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Horgan Unveils Economic Recovery Plan, Dodges Election Questions

Tax breaks, training and climate measures all part of $1.5-billion package.

Moira Wyton 17 Sep

Moira Wyton is The Tyee’s health reporter. Follow her @moirawyton or reach her here. This reporting beat is made possible by the Local Journalism Initiative.

Premier John Horgan unveiled details of the province’s $1.5-billion economic recovery plan today, charting a stay-the-course platform for the NDP as rumours continue to circulate of a snap fall election.

The funds were unanimously approved by the legislature in March, but the government’s plans for the money weren’t revealed until today.

Horgan’s announcement also included other measures, some previously announced and others based on federal funding.

The StrongerBC plan is aimed at supporting businesses and jobs in a “bleak fall and uncertain winter,” Horgan said.

But the premier again dodged multiple questions about whether the package could be interpreted as an election platform, saying he had not yet made a decision on whether to go to the polls.

Horgan said the plan involved an “unprecedented amount of resources between provincial budgets” and “historic times call for a historic response.”

Previously announced spending in the plan includes $300 million to train and hire around 7,000 frontline health-care workers and $45.6 million for the school restart.

An additional $660 million in tax rebates for small and medium businesses that hire new employees or invest in equipment was also announced, on top of the $1.5 billion in spending. Government estimates the tax breaks alone could support up to 80,000 jobs across the province.

More than half of the $1.5-billion recovery fund is earmarked for business and employment supports, with $416 million to go towards employment supports and jobs retraining and $404 million for business recovery efforts.

Short-term skills training for in-demand jobs will be supported with $22 million, with $15 million allocated to Indigenous-led job and skill training programs.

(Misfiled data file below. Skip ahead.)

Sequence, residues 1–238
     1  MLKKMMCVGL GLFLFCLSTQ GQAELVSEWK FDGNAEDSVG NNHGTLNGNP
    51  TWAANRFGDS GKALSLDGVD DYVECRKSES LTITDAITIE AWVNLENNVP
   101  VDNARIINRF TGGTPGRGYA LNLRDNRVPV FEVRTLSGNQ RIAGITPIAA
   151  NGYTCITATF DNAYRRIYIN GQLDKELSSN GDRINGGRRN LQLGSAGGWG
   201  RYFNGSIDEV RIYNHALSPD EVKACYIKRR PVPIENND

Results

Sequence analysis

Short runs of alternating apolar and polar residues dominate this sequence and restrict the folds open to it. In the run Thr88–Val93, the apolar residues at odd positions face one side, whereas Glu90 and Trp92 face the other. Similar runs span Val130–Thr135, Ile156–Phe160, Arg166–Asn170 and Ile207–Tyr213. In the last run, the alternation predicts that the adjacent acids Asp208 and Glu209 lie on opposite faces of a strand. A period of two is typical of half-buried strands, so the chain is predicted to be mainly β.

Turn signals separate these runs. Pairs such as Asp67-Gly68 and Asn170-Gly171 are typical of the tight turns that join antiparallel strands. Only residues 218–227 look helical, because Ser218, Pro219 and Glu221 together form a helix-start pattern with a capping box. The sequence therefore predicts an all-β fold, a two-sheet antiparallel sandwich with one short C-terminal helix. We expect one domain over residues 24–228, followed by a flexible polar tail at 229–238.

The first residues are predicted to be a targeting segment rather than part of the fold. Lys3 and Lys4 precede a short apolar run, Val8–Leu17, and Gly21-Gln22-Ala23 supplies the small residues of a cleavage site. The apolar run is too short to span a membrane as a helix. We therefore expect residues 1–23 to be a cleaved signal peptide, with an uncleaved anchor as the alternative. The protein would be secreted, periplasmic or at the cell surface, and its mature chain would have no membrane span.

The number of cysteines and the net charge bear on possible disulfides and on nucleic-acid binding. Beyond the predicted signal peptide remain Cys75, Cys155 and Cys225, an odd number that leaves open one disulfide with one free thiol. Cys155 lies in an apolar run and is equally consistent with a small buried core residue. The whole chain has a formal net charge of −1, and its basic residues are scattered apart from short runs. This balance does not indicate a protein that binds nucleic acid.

The bulk of business recovery is in the form of grants of up to $30,000 for small and medium businesses with strict but currently unclear eligibility rules.

The ailing tourism industry, which has called for as much as $680 million in relief, gets a fraction of that across the province, with $100 million for the sector and tourism-dependent communities. A task force will be set up to identify long-term solutions and allotted $50 million to spend.

“This plan is one of the ways we can ensure people, businesses and communities are supported as we move forward together,” said Finance Minister Carole James.

Community recovery funds total $302 million for infrastructure improvements and transportation and clean air initiatives, as well as port-improvement projects and conservation work.

The province will also spend $21 million to support arts and cultural resilience and $46 million on safe reopening for daycares and to expand affordable childcare spaces in B.C.

Funding on food security and climate resilience rounds out the package, with $25 million allocated towards increasing food security and farming capacity and $223.3 million directed towards new and existing clean energy retrofits and industry incentives aligned with the 2018’s CleanBC plan.

Asked whether the plan’s roll-out would be delayed by an election, Horgan said implementation is now in the hands of the public service.

James and Horgan added this is an initial step and that more funding would flow in the coming months.

“We have much more work to do through the fall and into budget 2021 that will focus on all those initiatives,” said Horgan.

“That work begins today.”  [Tyee]

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